This paper analyzes the changes in Saudi employment and unemployment between 2009 and 2018 and argues that a supply-demand skill mismatch exacerbated by insufficient job creation, and prevalent Saudi preferences and beliefs about employment underpin the high unemployment problem that coexists with low Saudi employment in the private sector in the country.
We examine the role of financial aid in shaping the formation of human capital in economics. Specifically, we study the impact of a large merit-based scholarship for graduate studies in affecting individuals’ occupational choices, career trajectories, and labor market outcomes of a generation of Italian economists with special focus on gender gaps and the role of social mobility. We construct a unique dataset that combines archival sources and includes microdata for the universe of applicants to the scholarship program and follow these individuals over their professional life. Our unique sample that focuses on the high end of the talent and ability distribution also allows us to analyze the characteristics of top graduates, a group which tends to be under-sampled in most surveys. We discuss five main results. First, women are less likely to be shortlisted for a scholarship as they tend to receive lower scores in the most subjective criteria used in the initial screening of candidates. Second, scholarship winners are much more likely to choose a research career and this effect is larger for women. Third, women who work in Italian universities tend to have less citations than men who work in Italy. However, the citation gender gap is smaller for candidates who received a scholarship. Fourth, women take longer to be promoted to the rank of full professor, even after controlling for academic productivity. Fifth, it is easier to become a high achiever for individuals from households with a lower socio-economic status if they reside in high social mobility provinces. However, high-achievers from lower socio-economic status households face an up-hill battle even in high social mobility provinces.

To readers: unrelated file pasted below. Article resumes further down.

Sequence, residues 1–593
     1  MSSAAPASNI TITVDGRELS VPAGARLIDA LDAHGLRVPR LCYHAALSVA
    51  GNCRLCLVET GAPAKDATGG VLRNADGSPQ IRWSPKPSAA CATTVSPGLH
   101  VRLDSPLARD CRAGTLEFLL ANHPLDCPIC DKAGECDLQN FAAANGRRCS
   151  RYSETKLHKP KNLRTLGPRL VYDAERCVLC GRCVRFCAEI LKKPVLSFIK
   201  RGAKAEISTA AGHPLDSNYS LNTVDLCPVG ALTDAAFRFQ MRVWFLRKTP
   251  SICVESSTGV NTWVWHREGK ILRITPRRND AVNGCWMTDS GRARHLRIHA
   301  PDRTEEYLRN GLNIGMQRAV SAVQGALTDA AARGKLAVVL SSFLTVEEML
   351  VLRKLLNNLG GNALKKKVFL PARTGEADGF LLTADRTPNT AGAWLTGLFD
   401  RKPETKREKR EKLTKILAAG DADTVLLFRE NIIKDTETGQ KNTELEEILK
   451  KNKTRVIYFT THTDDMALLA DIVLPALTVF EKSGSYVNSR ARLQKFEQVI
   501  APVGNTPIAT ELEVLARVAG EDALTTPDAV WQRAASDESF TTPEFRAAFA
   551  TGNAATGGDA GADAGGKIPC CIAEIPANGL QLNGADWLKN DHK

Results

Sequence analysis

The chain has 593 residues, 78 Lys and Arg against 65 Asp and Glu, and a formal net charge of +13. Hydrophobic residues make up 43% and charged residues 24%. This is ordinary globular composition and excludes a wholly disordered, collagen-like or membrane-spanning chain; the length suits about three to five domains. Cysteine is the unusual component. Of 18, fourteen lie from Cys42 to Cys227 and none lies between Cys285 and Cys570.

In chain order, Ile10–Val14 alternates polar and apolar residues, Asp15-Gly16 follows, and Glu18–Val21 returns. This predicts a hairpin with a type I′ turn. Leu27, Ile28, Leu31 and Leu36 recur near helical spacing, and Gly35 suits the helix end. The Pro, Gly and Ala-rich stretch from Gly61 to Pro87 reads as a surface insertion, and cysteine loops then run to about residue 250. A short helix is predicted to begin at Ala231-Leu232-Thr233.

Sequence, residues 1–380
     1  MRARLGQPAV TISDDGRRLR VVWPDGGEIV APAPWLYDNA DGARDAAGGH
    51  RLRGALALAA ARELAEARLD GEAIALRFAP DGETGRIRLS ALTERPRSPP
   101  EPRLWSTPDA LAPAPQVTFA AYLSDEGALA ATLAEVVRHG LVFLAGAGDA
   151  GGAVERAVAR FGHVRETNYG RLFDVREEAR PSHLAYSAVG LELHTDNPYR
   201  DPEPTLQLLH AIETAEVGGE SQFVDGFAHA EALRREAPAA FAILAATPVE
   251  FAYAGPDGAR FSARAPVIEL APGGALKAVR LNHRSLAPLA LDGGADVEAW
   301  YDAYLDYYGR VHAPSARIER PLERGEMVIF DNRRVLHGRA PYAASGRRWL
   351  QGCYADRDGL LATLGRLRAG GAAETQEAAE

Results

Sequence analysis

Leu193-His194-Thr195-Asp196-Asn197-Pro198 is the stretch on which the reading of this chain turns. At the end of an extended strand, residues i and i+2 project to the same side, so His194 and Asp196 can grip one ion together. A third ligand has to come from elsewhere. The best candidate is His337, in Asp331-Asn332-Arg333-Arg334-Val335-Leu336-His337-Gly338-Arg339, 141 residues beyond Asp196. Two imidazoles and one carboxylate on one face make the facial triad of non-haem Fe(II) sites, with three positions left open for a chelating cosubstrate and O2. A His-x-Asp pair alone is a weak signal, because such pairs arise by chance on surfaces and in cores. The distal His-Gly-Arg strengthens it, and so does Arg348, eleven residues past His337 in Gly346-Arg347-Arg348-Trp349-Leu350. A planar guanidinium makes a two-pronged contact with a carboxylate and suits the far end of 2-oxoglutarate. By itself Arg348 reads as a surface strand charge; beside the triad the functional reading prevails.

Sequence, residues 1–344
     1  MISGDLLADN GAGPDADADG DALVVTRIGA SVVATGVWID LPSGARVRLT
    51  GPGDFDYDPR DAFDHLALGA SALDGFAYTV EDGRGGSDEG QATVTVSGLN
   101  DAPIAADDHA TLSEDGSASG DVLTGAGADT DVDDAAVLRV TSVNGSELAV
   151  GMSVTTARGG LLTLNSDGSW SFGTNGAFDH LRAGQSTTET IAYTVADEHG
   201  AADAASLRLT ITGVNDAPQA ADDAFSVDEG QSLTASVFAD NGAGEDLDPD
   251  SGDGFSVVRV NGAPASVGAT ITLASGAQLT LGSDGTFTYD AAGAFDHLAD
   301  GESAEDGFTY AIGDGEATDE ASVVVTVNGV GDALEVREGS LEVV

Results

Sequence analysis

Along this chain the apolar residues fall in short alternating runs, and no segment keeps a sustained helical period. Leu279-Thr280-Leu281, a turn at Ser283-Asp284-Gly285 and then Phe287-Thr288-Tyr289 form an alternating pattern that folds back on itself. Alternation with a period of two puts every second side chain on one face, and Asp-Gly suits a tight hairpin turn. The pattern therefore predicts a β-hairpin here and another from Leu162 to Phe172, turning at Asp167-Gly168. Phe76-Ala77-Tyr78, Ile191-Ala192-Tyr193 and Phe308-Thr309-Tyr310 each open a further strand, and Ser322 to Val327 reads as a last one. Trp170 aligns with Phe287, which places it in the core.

We use aggregated and anonymized information based on international expenditures through corporate payment cards to map the network of global business travel. We combine this network with information on the industrial composition and export baskets of national economies. The business travel network helps to predict which economic activities will grow in a country, which new activities will develop and which old activities will be abandoned. In statistical terms, business travel has the most substantial impact among a range of bilateral relationships between countries, such as trade, foreign direct investments and migration. Moreover, our analysis suggests that this impact is causal: business travel from countries specializing in a specific industry causes growth in that economic activity in the destination country. Our interpretation of this is that business travel helps to diffuse knowledge, and we use our estimates to assess which countries contribute or benefit the most from the diffusion of knowledge through global business travel.